Sometimes your pup becomes the life of the party at the local dog park thanks to its excitement and hilarious zoomies. But sometimes, you’re at the park, and your dog becomes a source of embarrassment when it decides to pay more attention to licking its privates than the other goings on at the park.
Unfortunately, you can’t really scold your pup for exhibiting such behavior because it just doesn’t understand that privates are, well, private. While licking privates can be a normal behavior for dogs that stems from a need to relieve discomfort or a desire to keep clean, there may be times when such behavior is indicative of a health condition.
Keep reading to learn more about why dogs lick their privates and the reasoning behind this behavior.
Why Do Dogs Lick Their Privates?
Just like their feline counterparts, dogs will lick themselves to stay clean. Normally, dogs only need a quick lick or two to clean their private area after urinating or having a bowel movement. Licking more than this may need to be investigated as it can indicate a wide range of health issues.
When Should I Be Worried?
Constant or sustained licking of the private area may be indicative of a medical problem. If you notice your dog frequently licking that area or licking it for long periods, it may be time to chat with your vet.
You should also keep your eyes open for other signs of illness, such as:
What Medical Reasons Could Be Behind This Behavior?
Several medication conditions could prompt your pup to pay extra close attention to its genitals or anal regions.
Urinary Tract Infections
Dogs with UTIs or bladder stones may incessantly lick at their privates after urinating. They may be peeing more often and can also be straining to urinate. Like humans with UTIs, animals will also feel the urgency to urinate but produce very little.
Bladder infections are caused by bacteria that often respond well to antibiotic treatments.
Both environmental and food allergies can cause extreme itching in the genital region. Your dog may be trying to alleviate some of the itchiness by licking the area.
When food allergies are the problem, your dog will exhibit this behavior throughout the year. But when environmental allergies are at fault, you’ll only notice the excessive licking on a seasonal basis.
The remedy for both types of allergies is to try to avoid the allergen.
If your pup is allergic to something in the environment, take them on walks earlier in the morning or in the late evening, as the dew on the ground will help reduce some of the pollen floating around in the air. Make sure you clean your pup’s feet and belly with a damp towel to remove some of the pollen that may have attached to your pet.
Food allergies in dogs are often triggered when the pet is sensitive to the protein sources in its food. The most common food allergens for dogs include beef, lamb, chicken, eggs, and dairy products. Other signs that your dog’s diet is to blame for its itchiness include skin and ear infections, hives, gastrointestinal issues, and lethargy.
It’s normal for dogs to have some degree of bacteria and yeast on their skin, but if it appears in excess or if your dog is immunocompromised, an infection can take place. A bacterial or yeast infection can feel extremely itchy for your dog, resulting in constant licking of the area to try and relieve some of the itchiness.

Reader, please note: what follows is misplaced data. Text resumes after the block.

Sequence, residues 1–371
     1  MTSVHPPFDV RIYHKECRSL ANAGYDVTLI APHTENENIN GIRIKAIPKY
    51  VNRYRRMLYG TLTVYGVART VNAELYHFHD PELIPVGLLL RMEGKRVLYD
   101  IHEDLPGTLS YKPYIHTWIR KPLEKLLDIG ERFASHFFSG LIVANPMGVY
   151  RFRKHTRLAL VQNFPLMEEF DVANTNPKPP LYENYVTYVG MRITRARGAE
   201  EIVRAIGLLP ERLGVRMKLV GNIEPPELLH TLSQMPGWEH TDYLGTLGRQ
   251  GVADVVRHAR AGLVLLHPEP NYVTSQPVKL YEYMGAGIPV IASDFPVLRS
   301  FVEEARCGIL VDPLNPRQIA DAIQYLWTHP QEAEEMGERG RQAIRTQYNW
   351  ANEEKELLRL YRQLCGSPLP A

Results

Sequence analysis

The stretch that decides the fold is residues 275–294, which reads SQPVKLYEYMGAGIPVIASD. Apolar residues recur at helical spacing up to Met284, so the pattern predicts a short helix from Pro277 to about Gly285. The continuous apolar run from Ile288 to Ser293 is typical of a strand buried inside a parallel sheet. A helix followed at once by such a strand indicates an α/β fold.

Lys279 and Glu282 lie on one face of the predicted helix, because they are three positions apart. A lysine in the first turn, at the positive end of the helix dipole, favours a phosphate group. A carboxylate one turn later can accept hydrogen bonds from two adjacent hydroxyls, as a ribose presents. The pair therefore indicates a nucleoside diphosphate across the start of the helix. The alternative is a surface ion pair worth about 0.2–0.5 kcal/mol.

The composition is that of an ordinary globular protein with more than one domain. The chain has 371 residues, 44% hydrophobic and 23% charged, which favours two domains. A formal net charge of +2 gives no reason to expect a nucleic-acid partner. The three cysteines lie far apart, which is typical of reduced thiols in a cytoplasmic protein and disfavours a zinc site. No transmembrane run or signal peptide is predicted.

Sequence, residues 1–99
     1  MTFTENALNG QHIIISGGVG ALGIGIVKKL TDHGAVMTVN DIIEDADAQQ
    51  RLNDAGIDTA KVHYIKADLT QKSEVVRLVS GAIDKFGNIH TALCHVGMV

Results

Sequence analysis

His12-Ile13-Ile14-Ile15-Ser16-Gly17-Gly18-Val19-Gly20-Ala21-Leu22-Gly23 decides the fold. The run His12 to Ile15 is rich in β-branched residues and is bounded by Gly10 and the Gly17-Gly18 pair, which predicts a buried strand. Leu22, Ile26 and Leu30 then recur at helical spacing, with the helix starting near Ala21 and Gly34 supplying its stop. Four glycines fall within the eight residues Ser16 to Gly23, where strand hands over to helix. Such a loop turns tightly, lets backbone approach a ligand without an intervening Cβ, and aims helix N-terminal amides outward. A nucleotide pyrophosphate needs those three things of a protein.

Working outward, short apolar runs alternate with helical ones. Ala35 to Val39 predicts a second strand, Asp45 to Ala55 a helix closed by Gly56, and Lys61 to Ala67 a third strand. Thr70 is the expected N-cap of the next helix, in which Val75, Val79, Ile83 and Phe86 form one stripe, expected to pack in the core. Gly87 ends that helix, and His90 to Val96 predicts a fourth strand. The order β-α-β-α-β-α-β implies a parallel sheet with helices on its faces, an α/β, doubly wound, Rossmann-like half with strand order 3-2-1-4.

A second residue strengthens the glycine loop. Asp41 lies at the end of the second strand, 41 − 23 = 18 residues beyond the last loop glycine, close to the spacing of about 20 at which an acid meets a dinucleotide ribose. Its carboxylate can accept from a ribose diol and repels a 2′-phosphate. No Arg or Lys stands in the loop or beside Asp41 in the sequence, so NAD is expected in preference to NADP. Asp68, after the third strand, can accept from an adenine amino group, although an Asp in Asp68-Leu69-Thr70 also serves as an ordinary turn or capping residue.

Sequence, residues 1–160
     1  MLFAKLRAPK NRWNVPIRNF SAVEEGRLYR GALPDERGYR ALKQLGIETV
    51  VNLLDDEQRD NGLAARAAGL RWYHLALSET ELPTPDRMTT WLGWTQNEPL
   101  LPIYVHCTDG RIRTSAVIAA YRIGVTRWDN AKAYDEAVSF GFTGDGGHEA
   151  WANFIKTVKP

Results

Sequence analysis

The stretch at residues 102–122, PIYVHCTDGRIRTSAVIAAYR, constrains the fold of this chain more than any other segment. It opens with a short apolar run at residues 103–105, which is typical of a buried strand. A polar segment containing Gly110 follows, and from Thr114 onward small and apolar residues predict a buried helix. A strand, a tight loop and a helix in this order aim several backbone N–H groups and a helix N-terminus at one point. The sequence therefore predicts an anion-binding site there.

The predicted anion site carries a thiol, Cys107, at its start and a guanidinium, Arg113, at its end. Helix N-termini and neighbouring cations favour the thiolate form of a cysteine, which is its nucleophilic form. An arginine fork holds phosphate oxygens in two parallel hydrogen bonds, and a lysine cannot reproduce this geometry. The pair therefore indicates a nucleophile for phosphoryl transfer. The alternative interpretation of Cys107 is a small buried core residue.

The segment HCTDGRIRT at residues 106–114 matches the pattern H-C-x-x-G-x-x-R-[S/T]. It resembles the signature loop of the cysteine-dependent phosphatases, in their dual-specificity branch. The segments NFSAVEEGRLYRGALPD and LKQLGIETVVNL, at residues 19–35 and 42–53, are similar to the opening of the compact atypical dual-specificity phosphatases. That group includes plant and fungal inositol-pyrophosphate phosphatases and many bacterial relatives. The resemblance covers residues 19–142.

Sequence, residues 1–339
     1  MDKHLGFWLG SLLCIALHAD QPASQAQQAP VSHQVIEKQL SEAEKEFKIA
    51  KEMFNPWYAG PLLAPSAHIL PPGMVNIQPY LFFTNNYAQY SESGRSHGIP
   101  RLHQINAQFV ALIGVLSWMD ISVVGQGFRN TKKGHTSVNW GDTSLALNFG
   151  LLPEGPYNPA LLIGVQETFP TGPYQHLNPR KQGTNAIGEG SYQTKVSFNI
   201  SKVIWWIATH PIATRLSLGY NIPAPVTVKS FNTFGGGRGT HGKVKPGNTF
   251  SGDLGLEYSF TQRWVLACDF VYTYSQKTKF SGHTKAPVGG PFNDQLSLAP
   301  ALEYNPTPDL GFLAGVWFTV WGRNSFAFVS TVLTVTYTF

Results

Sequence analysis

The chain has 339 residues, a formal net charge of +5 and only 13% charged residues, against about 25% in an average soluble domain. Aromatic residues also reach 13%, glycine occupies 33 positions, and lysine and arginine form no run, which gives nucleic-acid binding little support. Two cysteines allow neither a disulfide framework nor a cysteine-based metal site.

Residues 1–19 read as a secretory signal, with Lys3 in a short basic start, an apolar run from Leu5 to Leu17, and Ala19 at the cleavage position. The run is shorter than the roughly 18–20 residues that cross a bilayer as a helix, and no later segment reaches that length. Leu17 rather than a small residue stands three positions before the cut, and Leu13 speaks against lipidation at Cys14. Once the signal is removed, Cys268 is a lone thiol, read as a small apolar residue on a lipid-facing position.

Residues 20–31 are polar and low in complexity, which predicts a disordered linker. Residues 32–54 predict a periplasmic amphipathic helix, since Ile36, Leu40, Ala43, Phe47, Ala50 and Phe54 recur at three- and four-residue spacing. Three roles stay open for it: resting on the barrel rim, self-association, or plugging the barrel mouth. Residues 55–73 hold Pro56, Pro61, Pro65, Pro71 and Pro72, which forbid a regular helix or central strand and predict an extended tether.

Anal Gland Impaction
Dogs have two anal glands near their rectum that fill with smelly fluids and typically empty themselves during a bowel movement. Unfortunately, some dog owners don’t even know about these glands because when they’re working as they should, there’s never any indication of their presence.
But when they become overfilled, it’s very clear that they exist. An overfilled anal gland will emit a highly noxious odor which can sometimes be accompanied by a swollen and irritated anal region. Your dog may begin licking incessantly at the rectum area in response to this irritation.
In male dogs, abnormal preputial discharge can cause excessive licking of the private area. This discharge refers to any substance (e.g., blood, urine, pus) that flows from the prepuce (the fold of skin covering the penis). Healthy dogs shouldn’t have preputial discharge, but those with the following health problems could be at risk:
Abnormal vaginal discharge may cause your female dog to lick her privates excessively. Just like preputial discharge in males, vaginal discharge refers to any substance that emanates from the vulva labia. It can be a normal part of the heat cycle and may last as long as six to eight weeks postpartum.
Female dogs will have their first estrus (heat) cycle when they reach puberty. The age at which a dog will reach puberty will depend on the breed. Smaller dogs may have their first heat cycle earlier, while larger breeds may not come into heat until they’re 18 or 24 months.
When your dog is in heat, you may see her exhibiting new behaviors like the intense licking of her privates. Other signs will be present such as swelling of the vulva, bloody vaginal discharge, and frequent urination.
What Can My Vet Do?
A visit to the vet should be in order if you notice your dog licking its private excessively. Your vet will likely want to run a few tests to determine the root cause of this behavior.
When your vet knows the cause of the abnormal licking, they can look at treatment options.
While licking privates can be a normal behavior in dogs, it can also indicate a more serious health condition at work. So, if your dog doesn’t typically lick its privates but is now suddenly paying closer attention to doing so, keep your eyes peeled for any other unusual behavior. And, as always, if you’re worried, make an appointment with your vet for peace of mind.
Featured Image Credit: _SOORACHET-KHEAWHOM, Shutterstock